Missing link found between brain, immune system
June 2, 2015
Overrturning decades of textbook teaching, researchers at the University of Virginia School of Medicine have discovered that the brain is directly connected to the immune system by vessels previously thought not to exist.
The finding could have significant implications for the study and treatment of neurological diseases ranging from autism to Alzheimer’s disease to multiple sclerosis.
“It changes entirely the way we perceive the neuro-immune interaction. We always perceived it before as something esoteric that can’t be studied. But now we can ask mechanistic questions.” said Jonathan Kipnis, PhD, professor in the UVA Department of Neuroscience and director of UVA’s Center for Brain Immunology and Glia (BIG).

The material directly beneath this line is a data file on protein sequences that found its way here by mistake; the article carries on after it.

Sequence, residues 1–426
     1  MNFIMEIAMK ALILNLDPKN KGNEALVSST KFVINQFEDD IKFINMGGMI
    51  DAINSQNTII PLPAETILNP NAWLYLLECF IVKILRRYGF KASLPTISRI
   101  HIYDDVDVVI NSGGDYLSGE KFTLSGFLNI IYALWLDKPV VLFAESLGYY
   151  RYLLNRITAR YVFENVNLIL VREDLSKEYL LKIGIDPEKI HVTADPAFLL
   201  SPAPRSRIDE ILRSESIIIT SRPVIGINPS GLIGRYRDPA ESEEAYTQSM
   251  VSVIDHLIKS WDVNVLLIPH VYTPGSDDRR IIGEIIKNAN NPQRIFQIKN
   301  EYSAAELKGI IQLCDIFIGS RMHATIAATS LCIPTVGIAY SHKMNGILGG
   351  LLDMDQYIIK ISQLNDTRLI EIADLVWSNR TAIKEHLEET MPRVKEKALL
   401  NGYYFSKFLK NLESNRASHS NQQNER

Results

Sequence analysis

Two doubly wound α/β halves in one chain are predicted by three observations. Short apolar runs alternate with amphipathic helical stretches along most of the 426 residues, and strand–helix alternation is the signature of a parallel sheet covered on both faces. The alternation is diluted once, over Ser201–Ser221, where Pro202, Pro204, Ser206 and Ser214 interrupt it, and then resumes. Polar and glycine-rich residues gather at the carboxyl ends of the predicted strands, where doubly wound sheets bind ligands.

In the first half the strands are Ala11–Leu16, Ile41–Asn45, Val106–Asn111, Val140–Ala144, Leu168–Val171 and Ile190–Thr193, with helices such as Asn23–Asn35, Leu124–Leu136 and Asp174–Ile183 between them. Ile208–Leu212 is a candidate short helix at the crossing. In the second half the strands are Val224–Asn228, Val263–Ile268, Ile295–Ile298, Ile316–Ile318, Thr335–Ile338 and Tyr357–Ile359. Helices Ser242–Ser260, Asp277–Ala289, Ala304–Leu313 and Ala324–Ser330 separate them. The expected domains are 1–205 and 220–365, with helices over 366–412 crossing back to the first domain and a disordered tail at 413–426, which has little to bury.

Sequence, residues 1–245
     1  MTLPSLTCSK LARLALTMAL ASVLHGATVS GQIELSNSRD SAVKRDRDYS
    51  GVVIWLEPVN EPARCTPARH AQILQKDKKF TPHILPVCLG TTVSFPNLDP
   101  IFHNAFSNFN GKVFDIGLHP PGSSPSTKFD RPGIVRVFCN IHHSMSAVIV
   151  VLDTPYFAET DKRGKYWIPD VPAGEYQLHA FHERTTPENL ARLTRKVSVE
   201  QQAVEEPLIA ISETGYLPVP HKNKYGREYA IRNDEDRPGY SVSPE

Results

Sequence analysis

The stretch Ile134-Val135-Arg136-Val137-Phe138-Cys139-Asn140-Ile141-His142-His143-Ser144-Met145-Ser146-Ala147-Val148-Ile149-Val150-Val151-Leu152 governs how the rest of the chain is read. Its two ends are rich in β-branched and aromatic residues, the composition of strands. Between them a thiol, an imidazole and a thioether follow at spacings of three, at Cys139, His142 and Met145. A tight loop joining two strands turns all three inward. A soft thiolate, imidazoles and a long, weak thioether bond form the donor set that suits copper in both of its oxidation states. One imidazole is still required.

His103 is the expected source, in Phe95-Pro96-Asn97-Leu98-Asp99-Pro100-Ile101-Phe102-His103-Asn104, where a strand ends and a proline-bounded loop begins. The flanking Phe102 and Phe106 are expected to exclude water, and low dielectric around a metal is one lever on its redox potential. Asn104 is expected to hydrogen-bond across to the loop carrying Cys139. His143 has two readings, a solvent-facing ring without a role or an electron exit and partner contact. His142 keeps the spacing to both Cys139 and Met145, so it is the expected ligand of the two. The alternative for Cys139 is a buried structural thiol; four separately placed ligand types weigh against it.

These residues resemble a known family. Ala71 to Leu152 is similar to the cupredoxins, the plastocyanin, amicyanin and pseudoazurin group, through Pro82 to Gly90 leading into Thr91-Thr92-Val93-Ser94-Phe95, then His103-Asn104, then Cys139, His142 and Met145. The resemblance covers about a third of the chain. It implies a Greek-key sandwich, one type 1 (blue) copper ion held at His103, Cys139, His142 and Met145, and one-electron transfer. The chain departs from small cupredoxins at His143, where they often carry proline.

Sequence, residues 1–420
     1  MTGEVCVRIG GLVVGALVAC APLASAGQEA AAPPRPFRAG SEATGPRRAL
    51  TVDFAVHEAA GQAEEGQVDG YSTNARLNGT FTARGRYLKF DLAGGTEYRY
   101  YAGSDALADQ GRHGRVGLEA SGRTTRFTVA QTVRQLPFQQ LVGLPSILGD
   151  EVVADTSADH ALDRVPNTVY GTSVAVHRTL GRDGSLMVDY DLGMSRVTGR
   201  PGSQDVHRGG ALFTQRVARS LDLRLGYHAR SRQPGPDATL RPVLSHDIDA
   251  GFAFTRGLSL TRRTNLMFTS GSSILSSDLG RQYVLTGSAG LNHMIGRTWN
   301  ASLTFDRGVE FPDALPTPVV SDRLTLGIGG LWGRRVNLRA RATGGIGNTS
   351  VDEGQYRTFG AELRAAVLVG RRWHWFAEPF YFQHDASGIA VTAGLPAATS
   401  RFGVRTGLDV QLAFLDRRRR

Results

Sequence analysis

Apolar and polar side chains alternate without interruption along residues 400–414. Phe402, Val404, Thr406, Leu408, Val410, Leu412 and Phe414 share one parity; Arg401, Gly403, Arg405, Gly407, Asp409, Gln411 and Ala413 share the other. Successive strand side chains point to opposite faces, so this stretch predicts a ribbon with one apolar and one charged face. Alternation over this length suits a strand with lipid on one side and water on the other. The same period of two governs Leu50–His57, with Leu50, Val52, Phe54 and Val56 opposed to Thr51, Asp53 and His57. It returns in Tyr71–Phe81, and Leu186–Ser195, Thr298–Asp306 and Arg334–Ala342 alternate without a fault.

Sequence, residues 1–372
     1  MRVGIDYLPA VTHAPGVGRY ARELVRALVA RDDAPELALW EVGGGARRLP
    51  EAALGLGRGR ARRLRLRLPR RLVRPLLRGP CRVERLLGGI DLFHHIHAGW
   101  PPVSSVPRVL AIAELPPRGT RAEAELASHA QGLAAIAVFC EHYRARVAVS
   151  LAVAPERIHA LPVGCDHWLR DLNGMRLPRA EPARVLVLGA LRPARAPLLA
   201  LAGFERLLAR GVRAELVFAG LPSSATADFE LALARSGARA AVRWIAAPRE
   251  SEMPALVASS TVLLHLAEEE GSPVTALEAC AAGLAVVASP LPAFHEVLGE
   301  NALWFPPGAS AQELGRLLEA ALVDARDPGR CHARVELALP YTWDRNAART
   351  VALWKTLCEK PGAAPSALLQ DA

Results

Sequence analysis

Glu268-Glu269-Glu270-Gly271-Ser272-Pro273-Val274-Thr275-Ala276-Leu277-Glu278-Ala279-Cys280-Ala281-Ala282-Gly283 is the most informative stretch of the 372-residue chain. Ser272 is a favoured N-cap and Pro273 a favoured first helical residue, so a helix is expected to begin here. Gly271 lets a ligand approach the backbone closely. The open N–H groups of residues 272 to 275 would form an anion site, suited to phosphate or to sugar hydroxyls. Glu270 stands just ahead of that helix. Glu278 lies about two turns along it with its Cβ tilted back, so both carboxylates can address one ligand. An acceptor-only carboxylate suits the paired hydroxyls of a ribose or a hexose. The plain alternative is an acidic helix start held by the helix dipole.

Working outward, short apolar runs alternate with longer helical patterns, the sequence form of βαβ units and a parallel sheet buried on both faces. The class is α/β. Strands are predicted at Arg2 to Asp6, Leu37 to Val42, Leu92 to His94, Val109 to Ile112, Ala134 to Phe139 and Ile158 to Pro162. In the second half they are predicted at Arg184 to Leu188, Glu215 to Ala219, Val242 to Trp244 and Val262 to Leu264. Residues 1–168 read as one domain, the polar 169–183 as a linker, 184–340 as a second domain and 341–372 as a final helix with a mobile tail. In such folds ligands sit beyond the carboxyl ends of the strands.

“We believe that for every neurological disease that has an immune component to it, these vessels may play a major role,” Kipnis said. “Hard to imagine that these vessels would not be involved in a [neurological] disease with an immune component.”